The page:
To Stoke Innovation, Fight Your Biases

Innovation isn't just about the ideas people create, but the environment leaders provide to inspire them. A look at unconscious biases can stoke the creativity you need.

Innovation is essential to an organization—all it means, at its core, is being able to come up with new ideas, and your association hasn’t survived without doing that a few times. Why, then, is it such an intimidating concept for so many?

When people feel they don’t need to be afraid to raise an issue or present an idea, teams work better.

Jim Harrison, senior creative director at the University of Florida, pinpointed one reason why in a post earlier this month at John Spence’s blog. Organizations like to talk about implementing innovation processes, but innovation doesn’t thrive on structure; indeed, it needs something closer to the opposite. Innovation requires creativity, and “creativity as a process is messy,” Harrison writes. “It’s a different, never-the-same-twice, unpredictable adventure.”

Now, as a leader, you probably have limited patience for an adventure. But take heart: The right environment for innovation, Harrison explains, isn’t a free-form, metrics-impaired, deadline-less sandbox so much as a collective mindset that encourages exploration. Getting to that place requires some work, though. Last month, I wrote about how we might make conversations about innovation less intimidating by framing them as conversations about the future. Harrison drills a little deeper: If we’re going to have creative teams in our organizations, we need to address the biases that stifle creativity.

“When people feel they don’t need to be afraid to raise an issue or present an idea, teams work better,” he writes. “We’ve all seen it: In a meeting or conversation, the fear of ridicule often collides with imposter syndrome and other fears of job security and office politics to undermine our ability to feel safe in sharing our thoughts, ideas, and perspectives.”

That fear of raising issues can have a lot to do with unconscious biases, studies have shown. If a leader is talking the talk about innovation but doesn’t hear out new ideas, or only hears out ideas from certain people, all the rhetoric about nurturing a creative environment won’t mean much. Last month my colleague Rasheeda Childress spoke with leadership consultant Michael Brainerd, who draws a direct line between unconscious bias and stifled innovation. “Innovation usually comes from discomfort or challenges,” he said. “If I am constantly seeking comfort and not allowing myself to make mistakes or process new data, it’s going to be hard to innovate.”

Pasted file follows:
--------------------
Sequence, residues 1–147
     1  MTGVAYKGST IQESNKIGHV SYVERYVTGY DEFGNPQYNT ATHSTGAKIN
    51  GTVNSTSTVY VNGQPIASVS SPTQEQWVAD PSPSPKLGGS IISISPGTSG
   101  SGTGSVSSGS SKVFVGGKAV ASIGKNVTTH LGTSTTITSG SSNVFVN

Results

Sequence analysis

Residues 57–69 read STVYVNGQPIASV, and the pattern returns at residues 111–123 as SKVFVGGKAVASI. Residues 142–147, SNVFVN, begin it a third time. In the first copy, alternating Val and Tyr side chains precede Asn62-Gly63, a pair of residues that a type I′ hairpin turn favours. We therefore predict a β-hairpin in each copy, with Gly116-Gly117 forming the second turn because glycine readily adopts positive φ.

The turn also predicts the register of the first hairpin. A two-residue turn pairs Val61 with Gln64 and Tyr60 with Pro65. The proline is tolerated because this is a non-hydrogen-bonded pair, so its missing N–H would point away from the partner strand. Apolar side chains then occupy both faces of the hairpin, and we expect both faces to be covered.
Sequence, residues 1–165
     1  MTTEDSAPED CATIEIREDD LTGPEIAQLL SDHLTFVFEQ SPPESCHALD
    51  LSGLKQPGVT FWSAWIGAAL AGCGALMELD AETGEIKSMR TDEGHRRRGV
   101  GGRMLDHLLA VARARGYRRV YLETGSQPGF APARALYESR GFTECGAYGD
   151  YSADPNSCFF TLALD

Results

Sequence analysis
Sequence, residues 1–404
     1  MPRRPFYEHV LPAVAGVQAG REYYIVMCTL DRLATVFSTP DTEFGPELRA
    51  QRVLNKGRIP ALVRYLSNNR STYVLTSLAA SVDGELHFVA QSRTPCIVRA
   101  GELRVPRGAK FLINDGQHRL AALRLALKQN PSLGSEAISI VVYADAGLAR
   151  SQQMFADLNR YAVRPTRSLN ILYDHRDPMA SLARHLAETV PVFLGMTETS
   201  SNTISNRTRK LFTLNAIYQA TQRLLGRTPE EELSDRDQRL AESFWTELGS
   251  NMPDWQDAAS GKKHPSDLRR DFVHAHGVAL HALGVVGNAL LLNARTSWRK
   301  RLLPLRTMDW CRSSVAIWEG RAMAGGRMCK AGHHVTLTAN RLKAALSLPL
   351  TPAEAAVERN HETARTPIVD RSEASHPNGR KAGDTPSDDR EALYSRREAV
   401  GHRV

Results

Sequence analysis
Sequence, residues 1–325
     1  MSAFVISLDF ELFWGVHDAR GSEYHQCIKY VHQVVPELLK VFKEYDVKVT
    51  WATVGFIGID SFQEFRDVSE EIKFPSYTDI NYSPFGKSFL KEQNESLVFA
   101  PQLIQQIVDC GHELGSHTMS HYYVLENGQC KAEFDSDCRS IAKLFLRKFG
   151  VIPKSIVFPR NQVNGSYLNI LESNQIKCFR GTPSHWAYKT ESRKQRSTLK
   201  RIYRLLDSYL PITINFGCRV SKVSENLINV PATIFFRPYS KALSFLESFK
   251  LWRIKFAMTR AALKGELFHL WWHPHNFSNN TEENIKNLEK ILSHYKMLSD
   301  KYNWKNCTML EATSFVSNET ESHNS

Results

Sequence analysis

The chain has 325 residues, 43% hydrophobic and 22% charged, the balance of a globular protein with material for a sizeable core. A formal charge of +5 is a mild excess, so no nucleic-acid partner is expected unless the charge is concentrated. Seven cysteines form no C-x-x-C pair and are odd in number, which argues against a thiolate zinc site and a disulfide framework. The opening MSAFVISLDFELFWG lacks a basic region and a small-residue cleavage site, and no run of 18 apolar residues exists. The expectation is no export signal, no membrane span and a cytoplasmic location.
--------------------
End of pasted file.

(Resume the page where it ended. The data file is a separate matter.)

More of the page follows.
To that point, Harrison’s dream environment for innovation emphasizes inclusivity and collaboration, plus a willingness to face uncomfortable subjects head-on. “Projecting the confidence and willingness to embrace the uncomfortable is where you can truly inspire your employees,” he writes.

I encountered one example of this in the association world when, for the winter issue of Associations Now, I spoke with the creators of the Jewelry Industry Summit, a meeting of leaders in an industry where motivations and goals often diverge. As founder Cecilia L. Gardner explained, it worked because, despite that divergence, the summit had a polestar issue that many were hesitant to address—responsible sourcing—and created a judgment-free zone where participants were invited to bring their best ideas.

The goal, Gardner said, was “preventing people from turning away from engaging in responsible sourcing because it’s too complicated, too burdensome, and too complex.”

Substitute “responsible sourcing” with whatever tricky challenge your association or its industry faces, and you have a mission statement for your own innovation initiative. “Cultures of curiosity with high psychological safety will naturally gravitate towards this level of comfort with the unknown,” Harrison writes. So in the long run, the question you’re facing isn’t “How will you innovate?” Instead, it’s “How will you create a fearless and inclusive culture of curiosity?”

And so I ask you: How have you helped to encourage a creative, innovative environment in your association? Share your experiences in the comments.

(IndypendenZ/iStock/Getty Images Plus)

Mark Athitakis

By Mark Athitakis

Mark Athitakis, a contributing editor for Associations Now, has written on nonprofits, the arts, and leadership for a variety of publications. He is a coauthor of The Dumbest Moments in Business History and hopes you never qualify for the sequel. MORE

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